Fools in the House
The Week in Review -- October 2, 1998
by Jerry Thomas (email@example.com)
David and Tom Gardner, founders of the Fool, are young men, so if they wish to exhibit some pointless bravado now and then, they are to be excused. A case in point: They are often wont to launch their weekly Motley Fool Radio Show with the phrase, "Foolishness is in the house."
The message? We dominate. Fools Rule, Losers Drool. Look out, Wall Street, because we're here, and we ain't goin' away. Get used to it.
This week, the phrase acquired new pith and deeper profundity, because for the first time, Foolishness really was, quite literally, in the House. The United States House of Representatives, that is.
On Tuesday, intrepid Fool David Gardner crossed the Potomac, scaled the Capitol steps, and offered testimony to the House Commerce Subcommittee on Finance and Hazardous Materials. There, David delivered an indictment of the mutual fund industry, listing a litany of Wise abuses. The rap sheet is familiar to followers of the Fool: Stunning underperformance ("94%... of managed mutual funds have historically underperformed the stock market as a whole," David told Congress), confusing fee structures, lack of disclosure, and a general absence of accountability have marked the mutual fund industry for decades. Every mutual fund investor in America should read David's testimony.
David's visit to Capitol Hill set the tone for this week in Fooldom. Tuesday afternoon Tom Gardner grabbed the baton from his brother and continued to turn up the heat in his Cash-King Portfolio Report, examining the damage that mutual fund fee structures do to individual investors. Tom runs the numbers and makes clear the true cost of mutual funds in a way that the industry, without the insistence of Congress, never will.
And was Foolishness done giving the Wise their proper drubbing? No, not by a long shot.
September saw the collapse of the hilariously named Long-Term Capital Management Hedge Fund. What went wrong? Hubris, Wise hubris -- so much that one Nobel Prize laureate could not contain it all, so they brought in two. "What are some bad ideas I can come up with?" asked Dale Wettlaufer (TMF Ralegh) in Tuesday's Fool on the Hill commentary. "A thousand-year Reich might be one. Or a long-term investing strategy that is based on leverage of 25-to-1 and the premise that all risks are knowable and controllable might be another." Dale performed the post-mortem with surgical skill, and then gave the scalpel to Louis Corrigan (TMF Seymor), who continued the autopsy in Wednesday's FOTH. Meanwhile, Yi-Hsin Chang (TMF Puck) spent her time skewering Long-Term Capital's cohort, Merrill Lynch, in a Foolhardy retelling of the Little Red Riding Hood fable.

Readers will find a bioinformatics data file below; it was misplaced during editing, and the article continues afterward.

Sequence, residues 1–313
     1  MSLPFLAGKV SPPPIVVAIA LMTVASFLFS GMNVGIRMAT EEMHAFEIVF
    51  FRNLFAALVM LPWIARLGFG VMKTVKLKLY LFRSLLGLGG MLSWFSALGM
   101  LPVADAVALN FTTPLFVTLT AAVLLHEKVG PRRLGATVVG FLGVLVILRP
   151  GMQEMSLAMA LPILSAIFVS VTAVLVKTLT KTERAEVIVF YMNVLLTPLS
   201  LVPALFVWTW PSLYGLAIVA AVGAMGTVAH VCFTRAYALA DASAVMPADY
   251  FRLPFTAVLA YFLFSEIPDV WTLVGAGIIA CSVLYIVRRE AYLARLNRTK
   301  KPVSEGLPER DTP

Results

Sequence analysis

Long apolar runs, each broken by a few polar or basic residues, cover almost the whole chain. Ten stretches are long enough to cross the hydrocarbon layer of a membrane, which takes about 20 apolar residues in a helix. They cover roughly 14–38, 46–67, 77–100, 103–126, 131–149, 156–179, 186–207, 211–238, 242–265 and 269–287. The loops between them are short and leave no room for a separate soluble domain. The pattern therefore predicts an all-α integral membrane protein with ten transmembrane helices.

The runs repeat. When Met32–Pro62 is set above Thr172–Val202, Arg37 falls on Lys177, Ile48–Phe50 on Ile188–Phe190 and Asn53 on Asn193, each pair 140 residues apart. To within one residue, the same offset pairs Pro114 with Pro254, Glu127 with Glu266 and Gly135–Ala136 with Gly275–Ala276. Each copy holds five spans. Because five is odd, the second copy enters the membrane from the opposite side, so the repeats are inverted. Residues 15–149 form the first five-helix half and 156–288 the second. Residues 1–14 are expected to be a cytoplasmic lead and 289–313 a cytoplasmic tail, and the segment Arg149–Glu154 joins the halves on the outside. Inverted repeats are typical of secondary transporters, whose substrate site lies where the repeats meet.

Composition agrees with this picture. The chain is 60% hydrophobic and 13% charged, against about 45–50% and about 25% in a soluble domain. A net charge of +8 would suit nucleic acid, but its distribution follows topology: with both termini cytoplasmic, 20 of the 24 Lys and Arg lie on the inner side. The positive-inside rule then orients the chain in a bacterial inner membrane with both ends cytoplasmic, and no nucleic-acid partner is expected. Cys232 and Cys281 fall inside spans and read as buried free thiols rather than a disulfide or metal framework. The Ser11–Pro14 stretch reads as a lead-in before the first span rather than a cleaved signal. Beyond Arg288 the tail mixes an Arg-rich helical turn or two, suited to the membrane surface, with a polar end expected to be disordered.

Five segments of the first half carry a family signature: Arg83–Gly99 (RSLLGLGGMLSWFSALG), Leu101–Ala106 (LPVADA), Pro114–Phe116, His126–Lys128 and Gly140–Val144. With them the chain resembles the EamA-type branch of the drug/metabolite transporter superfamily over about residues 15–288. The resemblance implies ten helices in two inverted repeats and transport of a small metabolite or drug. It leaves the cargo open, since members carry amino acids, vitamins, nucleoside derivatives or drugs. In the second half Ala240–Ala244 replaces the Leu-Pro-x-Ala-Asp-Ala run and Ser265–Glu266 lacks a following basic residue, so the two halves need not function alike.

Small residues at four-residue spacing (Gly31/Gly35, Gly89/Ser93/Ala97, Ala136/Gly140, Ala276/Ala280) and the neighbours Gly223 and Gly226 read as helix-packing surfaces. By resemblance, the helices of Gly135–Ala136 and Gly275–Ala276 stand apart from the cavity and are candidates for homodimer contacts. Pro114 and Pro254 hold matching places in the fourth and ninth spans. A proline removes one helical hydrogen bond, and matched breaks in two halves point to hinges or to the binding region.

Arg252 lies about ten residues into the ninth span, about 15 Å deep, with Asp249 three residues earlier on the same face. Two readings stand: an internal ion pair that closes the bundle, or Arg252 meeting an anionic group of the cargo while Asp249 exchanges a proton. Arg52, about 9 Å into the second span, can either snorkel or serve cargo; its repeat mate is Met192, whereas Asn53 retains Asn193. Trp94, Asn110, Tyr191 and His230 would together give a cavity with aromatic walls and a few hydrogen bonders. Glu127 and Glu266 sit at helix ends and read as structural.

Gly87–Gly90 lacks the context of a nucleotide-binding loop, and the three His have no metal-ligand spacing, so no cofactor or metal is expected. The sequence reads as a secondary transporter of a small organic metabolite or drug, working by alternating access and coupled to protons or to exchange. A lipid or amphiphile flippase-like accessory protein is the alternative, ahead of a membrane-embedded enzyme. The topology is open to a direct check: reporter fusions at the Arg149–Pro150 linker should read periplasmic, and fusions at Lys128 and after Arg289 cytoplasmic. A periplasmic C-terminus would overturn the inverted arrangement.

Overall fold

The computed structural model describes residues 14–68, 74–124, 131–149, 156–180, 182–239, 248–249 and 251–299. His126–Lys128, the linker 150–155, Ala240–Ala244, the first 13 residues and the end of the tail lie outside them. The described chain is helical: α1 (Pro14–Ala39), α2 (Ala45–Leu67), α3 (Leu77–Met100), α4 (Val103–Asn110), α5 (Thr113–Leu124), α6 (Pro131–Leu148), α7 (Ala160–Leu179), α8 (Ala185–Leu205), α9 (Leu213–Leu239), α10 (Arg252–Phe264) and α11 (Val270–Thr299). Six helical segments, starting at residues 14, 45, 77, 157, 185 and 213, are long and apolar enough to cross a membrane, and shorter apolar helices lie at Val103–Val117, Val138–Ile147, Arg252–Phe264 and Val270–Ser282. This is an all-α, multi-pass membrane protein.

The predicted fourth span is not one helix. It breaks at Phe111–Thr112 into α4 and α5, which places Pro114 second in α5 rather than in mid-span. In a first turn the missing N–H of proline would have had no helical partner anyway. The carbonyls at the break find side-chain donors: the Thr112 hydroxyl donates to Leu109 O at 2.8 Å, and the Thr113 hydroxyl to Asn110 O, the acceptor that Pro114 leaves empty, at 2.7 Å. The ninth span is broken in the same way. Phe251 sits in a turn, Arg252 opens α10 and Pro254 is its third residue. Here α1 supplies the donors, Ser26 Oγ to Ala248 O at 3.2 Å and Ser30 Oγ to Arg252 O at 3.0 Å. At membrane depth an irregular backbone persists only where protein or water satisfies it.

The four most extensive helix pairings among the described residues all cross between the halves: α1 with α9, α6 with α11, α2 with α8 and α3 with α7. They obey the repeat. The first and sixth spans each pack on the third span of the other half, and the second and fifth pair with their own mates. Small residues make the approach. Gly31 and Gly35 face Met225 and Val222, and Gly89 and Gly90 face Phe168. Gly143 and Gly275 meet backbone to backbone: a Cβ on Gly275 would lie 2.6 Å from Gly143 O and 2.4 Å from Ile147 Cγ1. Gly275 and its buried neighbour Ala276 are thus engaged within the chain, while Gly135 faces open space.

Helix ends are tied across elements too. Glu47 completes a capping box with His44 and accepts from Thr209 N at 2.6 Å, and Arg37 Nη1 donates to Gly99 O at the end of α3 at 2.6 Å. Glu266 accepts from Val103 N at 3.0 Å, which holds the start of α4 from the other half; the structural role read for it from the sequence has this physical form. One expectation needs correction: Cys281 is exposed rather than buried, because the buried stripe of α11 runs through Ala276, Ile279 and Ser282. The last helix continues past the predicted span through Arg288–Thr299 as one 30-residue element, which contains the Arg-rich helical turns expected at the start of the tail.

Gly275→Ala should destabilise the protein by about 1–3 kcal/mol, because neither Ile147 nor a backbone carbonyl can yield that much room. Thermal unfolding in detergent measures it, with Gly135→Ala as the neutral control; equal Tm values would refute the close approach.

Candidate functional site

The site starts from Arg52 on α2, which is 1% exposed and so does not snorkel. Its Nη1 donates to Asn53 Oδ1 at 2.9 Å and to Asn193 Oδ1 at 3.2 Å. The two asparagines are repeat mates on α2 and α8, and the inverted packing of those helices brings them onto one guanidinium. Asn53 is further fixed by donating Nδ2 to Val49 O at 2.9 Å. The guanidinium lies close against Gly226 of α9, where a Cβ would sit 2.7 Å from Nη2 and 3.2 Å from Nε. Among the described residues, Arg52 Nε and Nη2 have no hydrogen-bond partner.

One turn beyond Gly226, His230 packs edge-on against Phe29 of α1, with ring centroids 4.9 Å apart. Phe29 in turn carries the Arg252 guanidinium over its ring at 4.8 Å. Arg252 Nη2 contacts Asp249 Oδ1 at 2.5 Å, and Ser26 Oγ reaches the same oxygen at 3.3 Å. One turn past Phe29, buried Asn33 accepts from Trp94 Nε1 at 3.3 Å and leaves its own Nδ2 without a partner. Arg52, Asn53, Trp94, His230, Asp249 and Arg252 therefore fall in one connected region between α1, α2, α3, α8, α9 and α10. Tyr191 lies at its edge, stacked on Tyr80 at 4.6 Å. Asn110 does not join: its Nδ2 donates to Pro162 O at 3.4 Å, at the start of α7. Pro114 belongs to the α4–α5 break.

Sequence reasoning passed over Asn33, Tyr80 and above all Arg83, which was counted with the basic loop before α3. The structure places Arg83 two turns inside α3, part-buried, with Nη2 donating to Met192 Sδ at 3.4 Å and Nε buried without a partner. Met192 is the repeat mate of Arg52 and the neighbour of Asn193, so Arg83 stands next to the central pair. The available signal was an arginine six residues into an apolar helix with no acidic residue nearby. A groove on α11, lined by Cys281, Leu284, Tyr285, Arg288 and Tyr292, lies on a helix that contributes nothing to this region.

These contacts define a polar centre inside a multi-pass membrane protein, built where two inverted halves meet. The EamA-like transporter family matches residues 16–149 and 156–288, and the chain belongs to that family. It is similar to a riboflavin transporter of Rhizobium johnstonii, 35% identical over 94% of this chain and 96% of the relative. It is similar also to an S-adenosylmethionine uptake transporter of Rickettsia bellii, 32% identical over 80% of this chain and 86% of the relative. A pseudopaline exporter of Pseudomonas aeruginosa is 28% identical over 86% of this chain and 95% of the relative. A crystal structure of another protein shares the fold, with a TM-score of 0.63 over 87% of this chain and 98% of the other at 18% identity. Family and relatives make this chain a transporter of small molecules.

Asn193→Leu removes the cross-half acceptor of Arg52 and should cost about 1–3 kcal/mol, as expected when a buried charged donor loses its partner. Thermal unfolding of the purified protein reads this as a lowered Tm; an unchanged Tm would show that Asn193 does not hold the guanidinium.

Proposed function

Done bashing Wisdom? Cool. Now what? Time to turn to the flip side of Fooldom, the self-empowering side, the side where you get to take charge, feel your oats, call the shots -- because as much as we enjoy our role as activists for the interests of the individual investor, the real work of Fooldom comes in bringing our resources to people everywhere, whether you are a beginner or a veteran. The new tools we have to bring people together and gather strength from one another are astonishing. Yes, you can manage your own growth without a Wise Wall Streeter skimming his cream off the top of your bucket.
Begin by reading Selena Maranjian's classic Fribble "Random Acts of Foolishness," then step over to the Fool's School and study the 13 Steps to Investing Foolishly. From there, it is but a hop over to the Fool Community, where you can register and join the thousands of Fools around the world who are sharing their knowledge, experience, camaraderie, and support. Surely it makes sense to make use of these resources, whatever your opinion of the professionals on Wall Street might be.
There were a great many other points of interest to be seen along the way -- more than I have space to discuss -- so let me give you some extra encouragement to click the Foolwatch Link below. I really think my colleagues in Fooldom outdid themselves in producing outstanding features for your use and pleasure. But here's a few that are very outstanding:
�The Relaunch of the Boring Portfolio -- Fools Dale Wettlaufer and Alex Schay (TMF Nexus6) are taking over management of this port, and Dale in Thursday's report outlines their plans for the future.
�Wednesday's Post of the Day -- Nico Detourn (TMF Nico) always wows with her deep examinations of Internet companies, and this piece from our America Online Message folder is especially penetrating.
�Thursday's Fool Portfolio Report -- Where Jeff Fischer (TMF Jeff) gives some sound advice on maintaining Foolish composure in a falling market.
Until next week,